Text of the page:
As a first-year Brit studying at an American University, the horrifying idea of gaining the ‘freshman fifteen’ follows me round like a dark cloud. On the walk over to the dining hall, I steadfastly resolve to resist the exploding drawers of cookies, the oozing jar of maple syrup and the specialty tortoise-shell cheesecake. I tell myself that I’ll swipe in and then put my head down as I make a break towards the salad or vegan bar. Truth is, it never quite works out like that. Instead, my good intentions crumble into a biscuity mess as I step foot into the mayhem of the “all-you-can-eat” and “got-to-get-my-money’s-worth” dining hall frenzy.

Sugar makes everything sweeter

american diet

Photo courtesy of Allison McGuire

In many ways, I should have been prepared for the challenge. The first question my friend from home asked me was, “How is the land of the burgers?!?” a classic example of what many Europeans associate with America. The thing is, she could have easily substituted the word “burger” with a plethora of other stereotypically American foods: doughnuts, peanut butter and jelly sandwiches or any and all junk food.

While these stereotypes may be somewhat unrepresentative—when is a stereotype ever not?—there’s no denying that America does sweet, sugary food exceptionally well. If we put health issues aside, it’s important to appreciate how unusually good some food combinations are.

My British friends back home would be shocked to see me mixing marshmallows and sweet potatoes, layering bacon and syrup on top of pancakes and buying cheddar cheese and caramel popcorn. In the UK, you’re a little radical if you choose to buy half sweet, half salty popcorn at the movie theater. The food truth that is universally acknowledged here is that sugar makes everything sweeter, except perhaps your figure.

Southern stereotypes

Some stereotypes that came as a shock to me were the southern food traditions. The south seems to have its own version of quintessential American delicacies like grits, pulled pork BBQ and biscuits and gravy. There were definitely some language barriers that I had to overcome in order for me to understand some of these dishes.

In England, a BBQ is grilled sausages and burgers, not pulled pork and slaw (apparently I am getting confused between a BBQ and a cookout). Learning that biscuits in America were not cookies came as a relief because the concept of cookies and gravy sounded too far—even for American flavor standards.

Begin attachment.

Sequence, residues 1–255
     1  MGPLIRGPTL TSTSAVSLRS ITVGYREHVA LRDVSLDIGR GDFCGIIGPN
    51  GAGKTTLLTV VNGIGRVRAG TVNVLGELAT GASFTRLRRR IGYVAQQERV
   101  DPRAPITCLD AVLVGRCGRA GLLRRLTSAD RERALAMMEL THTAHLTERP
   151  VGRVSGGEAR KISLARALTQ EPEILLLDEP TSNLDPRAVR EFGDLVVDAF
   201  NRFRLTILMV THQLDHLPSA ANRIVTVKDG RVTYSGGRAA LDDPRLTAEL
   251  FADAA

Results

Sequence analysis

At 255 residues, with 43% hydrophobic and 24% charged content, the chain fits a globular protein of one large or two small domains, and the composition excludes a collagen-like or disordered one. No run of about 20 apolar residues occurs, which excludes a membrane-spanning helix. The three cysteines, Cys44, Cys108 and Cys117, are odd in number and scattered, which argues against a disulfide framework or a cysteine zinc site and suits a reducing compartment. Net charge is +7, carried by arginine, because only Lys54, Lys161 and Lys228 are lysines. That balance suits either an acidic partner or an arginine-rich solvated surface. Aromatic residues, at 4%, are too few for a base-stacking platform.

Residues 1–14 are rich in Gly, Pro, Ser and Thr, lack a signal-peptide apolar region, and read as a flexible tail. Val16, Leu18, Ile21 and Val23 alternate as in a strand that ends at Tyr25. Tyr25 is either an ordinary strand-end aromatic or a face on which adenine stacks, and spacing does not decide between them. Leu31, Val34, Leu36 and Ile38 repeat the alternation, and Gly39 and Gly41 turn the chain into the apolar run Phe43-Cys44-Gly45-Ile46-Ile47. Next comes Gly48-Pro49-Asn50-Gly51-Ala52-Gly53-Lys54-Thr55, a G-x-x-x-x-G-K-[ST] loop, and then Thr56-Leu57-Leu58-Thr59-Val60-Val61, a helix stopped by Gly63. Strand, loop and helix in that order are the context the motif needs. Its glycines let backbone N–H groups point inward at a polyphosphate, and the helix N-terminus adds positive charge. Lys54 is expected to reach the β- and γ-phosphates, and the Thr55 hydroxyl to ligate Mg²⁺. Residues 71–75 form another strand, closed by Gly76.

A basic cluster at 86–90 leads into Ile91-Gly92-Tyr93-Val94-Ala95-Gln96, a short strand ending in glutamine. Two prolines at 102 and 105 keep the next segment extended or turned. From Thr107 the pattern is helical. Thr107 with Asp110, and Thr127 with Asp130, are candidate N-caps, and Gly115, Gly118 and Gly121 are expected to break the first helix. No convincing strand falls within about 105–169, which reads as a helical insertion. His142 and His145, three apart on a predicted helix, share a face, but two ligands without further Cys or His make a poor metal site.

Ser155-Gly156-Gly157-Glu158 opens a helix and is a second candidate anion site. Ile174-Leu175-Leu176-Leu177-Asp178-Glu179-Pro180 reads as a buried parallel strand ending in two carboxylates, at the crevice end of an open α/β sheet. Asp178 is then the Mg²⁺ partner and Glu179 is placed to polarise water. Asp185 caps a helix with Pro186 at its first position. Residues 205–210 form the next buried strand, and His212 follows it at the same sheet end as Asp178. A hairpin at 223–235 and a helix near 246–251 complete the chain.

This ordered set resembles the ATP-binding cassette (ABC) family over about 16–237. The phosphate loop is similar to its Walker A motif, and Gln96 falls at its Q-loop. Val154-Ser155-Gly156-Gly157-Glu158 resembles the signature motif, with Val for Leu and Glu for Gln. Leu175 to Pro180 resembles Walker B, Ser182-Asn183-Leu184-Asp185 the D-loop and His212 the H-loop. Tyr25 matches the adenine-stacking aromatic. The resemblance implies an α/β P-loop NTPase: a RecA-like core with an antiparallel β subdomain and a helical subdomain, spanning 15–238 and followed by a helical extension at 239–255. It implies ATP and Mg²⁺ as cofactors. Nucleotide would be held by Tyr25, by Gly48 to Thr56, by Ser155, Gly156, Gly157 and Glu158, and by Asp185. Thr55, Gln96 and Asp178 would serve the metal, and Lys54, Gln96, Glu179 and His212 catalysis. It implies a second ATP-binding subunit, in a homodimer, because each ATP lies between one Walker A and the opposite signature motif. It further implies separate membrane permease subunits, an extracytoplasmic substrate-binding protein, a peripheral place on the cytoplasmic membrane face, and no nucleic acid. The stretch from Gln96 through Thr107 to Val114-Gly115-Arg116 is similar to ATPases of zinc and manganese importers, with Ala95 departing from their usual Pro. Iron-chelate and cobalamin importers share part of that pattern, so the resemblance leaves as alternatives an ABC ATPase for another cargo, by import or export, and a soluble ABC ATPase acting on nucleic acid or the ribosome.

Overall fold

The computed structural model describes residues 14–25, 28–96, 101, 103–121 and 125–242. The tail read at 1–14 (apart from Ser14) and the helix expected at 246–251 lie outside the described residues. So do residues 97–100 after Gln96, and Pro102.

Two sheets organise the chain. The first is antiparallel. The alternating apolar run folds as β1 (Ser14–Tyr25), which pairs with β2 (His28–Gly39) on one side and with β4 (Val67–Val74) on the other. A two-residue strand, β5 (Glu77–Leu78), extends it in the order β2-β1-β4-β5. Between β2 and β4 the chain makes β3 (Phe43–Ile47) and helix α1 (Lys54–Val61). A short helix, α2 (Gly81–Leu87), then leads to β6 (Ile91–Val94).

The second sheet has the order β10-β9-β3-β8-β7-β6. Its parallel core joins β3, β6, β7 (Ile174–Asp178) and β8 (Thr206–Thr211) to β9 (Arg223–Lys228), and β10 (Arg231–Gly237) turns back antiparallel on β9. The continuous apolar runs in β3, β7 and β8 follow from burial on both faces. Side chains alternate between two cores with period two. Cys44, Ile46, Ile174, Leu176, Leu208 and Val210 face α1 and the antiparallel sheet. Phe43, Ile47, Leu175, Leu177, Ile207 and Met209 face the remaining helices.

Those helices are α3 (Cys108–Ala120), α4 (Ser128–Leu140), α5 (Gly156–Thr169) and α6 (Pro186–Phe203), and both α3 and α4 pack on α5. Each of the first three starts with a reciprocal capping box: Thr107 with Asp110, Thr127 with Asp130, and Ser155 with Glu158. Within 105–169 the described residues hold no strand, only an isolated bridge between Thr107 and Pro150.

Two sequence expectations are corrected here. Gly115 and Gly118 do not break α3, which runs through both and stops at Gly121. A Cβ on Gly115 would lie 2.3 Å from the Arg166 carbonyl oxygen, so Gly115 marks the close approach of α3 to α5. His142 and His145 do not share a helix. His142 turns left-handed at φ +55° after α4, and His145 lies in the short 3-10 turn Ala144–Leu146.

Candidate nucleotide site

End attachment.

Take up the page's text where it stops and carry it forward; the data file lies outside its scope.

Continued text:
While these stereotypes are fun and amusing, what do they suggest about how other nations fundamentally perceive the U.S.? Why is it that when I think of American policemen I imagine a fat cop in bulging navy blue uniform biting into a doughnut? Or when I think about typical American dishes I think of McDonald’s? Whatever the answer, these enduring stereotypes only further perpetuate a more visceral stereotype that is: Americans love their food!

american diet

Photo by Sara Tane

A country of food and exercise contradictions

However, it is difficult and even ignorant to completely accept the stereotypes that all American’s love to eat unhealthily. While it isn’t hard to find people who embody the American fast food-eating stereotype, I’ve probably met more health-conscious eaters and exercise enthusiasts than obese teenagers. I’ve met my fair share of health addicts who speak about their almost militarized diets with unintentional similarity to the main character in Wild Child who proudly states she is “a pescetarian Monday through Wednesday, fruitarian Thursday through Sunday and vegetarian ALWAYS!”

Such wildly conflicting observations between my preconceived ideas and my observed reality testify to the fact that just as America has every type of ice-cream topping, it also has every type of person.

The land of the free, the brave and the burger

american diet

Photo by Sara Tane

Therefore, my end goal as a foodie overwhelmed with deliciously unhealthy choices is to reach a stage in my eating where I consistently practice moderation. I want to reach a point where I can look the cookie jar straight on and then walk away. The freshman fifteen can continue to haunt me as long as it reminds me that eating healthy is possible, and that I don’t have to conform to the stereotypical American diet. I refuse to believe that I am completely doomed.

By simply looking around at my friends here who are all slender, fit and well balanced individuals, I feel confident that I can return home at Christmas and not have to ask Santa for new jeans. I’ve also come to realize that in true American style, even one’s eating behavior can live by the constitution: you are free to choose what you want, but you have to be brave to choose what you need, and in the end you decide what land it will become for you- laissez-faire style.